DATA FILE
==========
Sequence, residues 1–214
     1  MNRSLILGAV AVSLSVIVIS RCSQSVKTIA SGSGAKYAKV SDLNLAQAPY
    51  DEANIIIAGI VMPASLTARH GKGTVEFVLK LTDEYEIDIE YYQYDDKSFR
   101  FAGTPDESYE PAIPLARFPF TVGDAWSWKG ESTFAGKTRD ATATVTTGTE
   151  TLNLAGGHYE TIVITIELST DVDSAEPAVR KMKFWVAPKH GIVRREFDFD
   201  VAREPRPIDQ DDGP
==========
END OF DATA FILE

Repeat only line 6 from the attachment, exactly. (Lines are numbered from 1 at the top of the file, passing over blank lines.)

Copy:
   201  VAREPRPIDQ DDGP